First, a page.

[14] In the seventh picture, only the oxherder is present because the ox and the oxherder have become one, symbolizing an experience of unity of the Self with the Absolute. Kibong has this Enlightenment experience after cremating the Master’s body and dispersing his ashes over the mountainside. He is shown standing on a rocky promontory at sunrise. An extreme close-up of his forehead, eye, and cheekbones in the sunlight makes his head looks like the head of the tawny ox. It seems that Kibong and the ox have become one.

[15] Ki-bong also presumably has the two other Enlightenment experiences depicted in the eighth and ninth pictures: The eighth is only an empty circle, symbolizing the unity of all that exists; the ninth shows only a tree, falling leaves, a stream, and a bird, symbolizing the clarity with which the spiritual seeker now sees that everything is perfect, just as it is. The tenth drawing shows the enlightened oxherder back in the marketplace extending his hand, ready to help others understand the purpose of life. In the final scene of the film, Ki-bong walks through the rice paddies, leading the ox behind him, the jay following overhead, presumably headed back to the world from which he came. Having found the answer to the koan Hye-gok had assigned him, he is now ready to help others find life’s meaning.

Hye-gok’s Apotheosis

[16] Hye-gok’s narrative, in the third circle, informs both Hae-jin’s and Ki-bong’s narratives. It is Hye-gok, after all, who brought both of them to the hermitage in the first place: He carried Hae-jin up the mountain on his back, and he sent a letter to the monastery, asking the abbot to send Ki-bong to the hermitage, on the pretense that he needed someone to care for him now that he is getting old. His actual aim is to complete his life as a Bodhisattva by bringing his chosen disciples to Enlightenment.

[17] At first, Hye-gok appears to be simply a wise teacher and a gentle old man. However, as the film progresses, the spectator begins to suspect that he has shamanic powers. Most significantly, the identity of Hye-gok with the dancer indicates that he has the shaman’s power to shift shapes. The dancer performs the Seungmu (the “Buddhist Monk’s Dance”), one of Korea's most significant folk dances. This dance, which is said to bring about the Enlightenment of the spectator, is divided into two main parts. In the first part, the dancer’s movements symbolize the temptations of a monk trying to overcome worldly desires, corrupt thoughts, pain and suffering. In the second part, the dancer drums on a big Buk (barrel drum) hanging inside a wooden stand, symbolizing the monk’s triumph over pain and suffering and his consequent Enlightenment.13 The dance, then, dramatizes the trajectory of Hye-gok’s life. The dancer and Hye-gok are explicitly identified in Hye-gok’s death scene: When Hye-gok’s body falls against the door of his room at the moment of death, Ki-bong and Hae-jin (and the spectator) see the dancer moving backwards across the ground in front of the hermitage and disappearing into the darkness, as she had earlier moved across the stage. The identity of the two is confirmed by the white slippers that the dancer leaves outside the door of the meditation room she enters before performing and that are shown outside Hye-gok’s room after his death.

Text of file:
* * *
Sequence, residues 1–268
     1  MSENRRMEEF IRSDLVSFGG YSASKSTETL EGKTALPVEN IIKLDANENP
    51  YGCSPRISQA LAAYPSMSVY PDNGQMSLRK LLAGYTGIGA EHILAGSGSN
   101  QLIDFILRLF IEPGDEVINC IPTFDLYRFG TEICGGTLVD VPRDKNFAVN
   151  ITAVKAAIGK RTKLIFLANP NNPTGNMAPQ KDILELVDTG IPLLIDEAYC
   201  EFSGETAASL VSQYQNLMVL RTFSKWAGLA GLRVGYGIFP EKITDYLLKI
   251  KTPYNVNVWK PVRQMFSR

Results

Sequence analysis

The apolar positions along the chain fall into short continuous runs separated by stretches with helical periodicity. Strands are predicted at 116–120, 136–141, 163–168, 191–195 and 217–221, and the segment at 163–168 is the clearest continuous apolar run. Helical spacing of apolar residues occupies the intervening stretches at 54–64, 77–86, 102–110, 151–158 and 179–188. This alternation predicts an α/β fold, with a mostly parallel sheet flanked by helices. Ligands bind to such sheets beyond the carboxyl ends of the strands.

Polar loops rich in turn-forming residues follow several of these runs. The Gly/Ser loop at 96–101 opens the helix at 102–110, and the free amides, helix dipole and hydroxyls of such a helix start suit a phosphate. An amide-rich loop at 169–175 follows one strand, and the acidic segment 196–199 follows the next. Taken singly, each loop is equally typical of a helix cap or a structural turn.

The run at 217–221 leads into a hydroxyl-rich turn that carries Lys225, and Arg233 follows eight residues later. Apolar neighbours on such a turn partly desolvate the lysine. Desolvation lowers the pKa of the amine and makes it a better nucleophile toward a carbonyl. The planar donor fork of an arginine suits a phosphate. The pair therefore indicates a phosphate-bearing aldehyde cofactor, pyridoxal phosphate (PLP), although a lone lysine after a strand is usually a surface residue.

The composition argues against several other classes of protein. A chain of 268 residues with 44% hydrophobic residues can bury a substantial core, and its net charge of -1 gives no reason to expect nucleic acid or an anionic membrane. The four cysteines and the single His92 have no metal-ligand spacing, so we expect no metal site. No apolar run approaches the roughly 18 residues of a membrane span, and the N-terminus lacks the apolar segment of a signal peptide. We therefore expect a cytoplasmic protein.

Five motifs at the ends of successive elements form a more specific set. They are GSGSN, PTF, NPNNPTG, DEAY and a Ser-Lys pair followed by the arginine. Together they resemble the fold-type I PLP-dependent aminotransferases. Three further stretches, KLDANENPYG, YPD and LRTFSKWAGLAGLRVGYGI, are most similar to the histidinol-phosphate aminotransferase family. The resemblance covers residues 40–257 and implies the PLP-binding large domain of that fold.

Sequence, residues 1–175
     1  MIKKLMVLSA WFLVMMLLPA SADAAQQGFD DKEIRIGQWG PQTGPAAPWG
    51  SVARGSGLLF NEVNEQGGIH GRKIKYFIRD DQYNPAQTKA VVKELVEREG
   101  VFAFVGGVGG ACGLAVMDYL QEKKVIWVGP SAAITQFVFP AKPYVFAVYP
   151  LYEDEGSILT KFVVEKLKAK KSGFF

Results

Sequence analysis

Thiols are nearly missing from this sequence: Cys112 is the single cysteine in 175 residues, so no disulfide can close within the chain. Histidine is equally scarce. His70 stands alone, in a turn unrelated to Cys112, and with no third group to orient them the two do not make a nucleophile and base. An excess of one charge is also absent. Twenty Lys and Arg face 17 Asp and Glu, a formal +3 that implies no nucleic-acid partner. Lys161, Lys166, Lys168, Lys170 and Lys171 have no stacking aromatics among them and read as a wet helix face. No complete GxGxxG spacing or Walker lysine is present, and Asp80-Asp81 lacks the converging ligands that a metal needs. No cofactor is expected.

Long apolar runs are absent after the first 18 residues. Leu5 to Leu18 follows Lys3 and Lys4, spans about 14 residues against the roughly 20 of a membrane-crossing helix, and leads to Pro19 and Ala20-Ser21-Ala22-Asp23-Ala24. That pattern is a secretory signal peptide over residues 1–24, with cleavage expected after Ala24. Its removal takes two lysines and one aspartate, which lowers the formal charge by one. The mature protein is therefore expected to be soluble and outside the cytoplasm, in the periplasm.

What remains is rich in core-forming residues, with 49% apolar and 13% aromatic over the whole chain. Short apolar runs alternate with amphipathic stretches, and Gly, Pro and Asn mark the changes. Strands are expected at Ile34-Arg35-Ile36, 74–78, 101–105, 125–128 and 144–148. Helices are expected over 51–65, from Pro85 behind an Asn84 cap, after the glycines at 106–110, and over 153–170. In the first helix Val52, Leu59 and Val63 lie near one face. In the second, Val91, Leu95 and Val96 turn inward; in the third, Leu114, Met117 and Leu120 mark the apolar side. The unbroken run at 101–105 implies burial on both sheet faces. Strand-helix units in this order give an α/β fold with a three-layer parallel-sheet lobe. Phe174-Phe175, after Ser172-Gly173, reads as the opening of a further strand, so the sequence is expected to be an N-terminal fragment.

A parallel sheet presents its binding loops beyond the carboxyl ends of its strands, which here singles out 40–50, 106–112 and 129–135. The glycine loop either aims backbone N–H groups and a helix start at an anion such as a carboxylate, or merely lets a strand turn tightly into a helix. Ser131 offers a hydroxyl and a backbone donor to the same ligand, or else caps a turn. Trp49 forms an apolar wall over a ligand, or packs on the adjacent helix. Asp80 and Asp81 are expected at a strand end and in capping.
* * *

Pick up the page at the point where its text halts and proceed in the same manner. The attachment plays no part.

[18] In almost every scene, Hye-gok takes some action to guide Ki-bong and Hae-jin along their spiritual paths. Often, Hye-gok’s guidance is in the form of explicit teaching, especially on the themes of emptiness, the unity of all, and the inevitability of death. “Forever and ever, all is originally empty… There is no beginning and no end…Only that which does not come into being does not perish,” he intones at the beginning of the film.

[19] The Master’s final, and most important, teaching concerns how his body must be disposed of after his death. He exhorts Ki-bong to follow his instructions exactly because a proper observance of the funeral procedures he specifies is essential to achieve the stasis that Paul Schraeder has said is essential to communicating the experience of the Transcendent.14  The stasis shots in this film, for both Ki-bong and the spectator, are the long takes of the smoke and sparks rising from the burning pyre and of the mountain pool, on the surface of which the autumn leaves float and in which is reflected the sky, the bare tree branches, and Ki-bong’s shadow as he scatters the ashes of the Master’s body. The precise execution of the funeral rites is also necessary to release the Master from his life on earth time into Nirvana, to effect his transformation from Bodhisattva to divine being, thus bringing the Master’s cycle of existence full circle.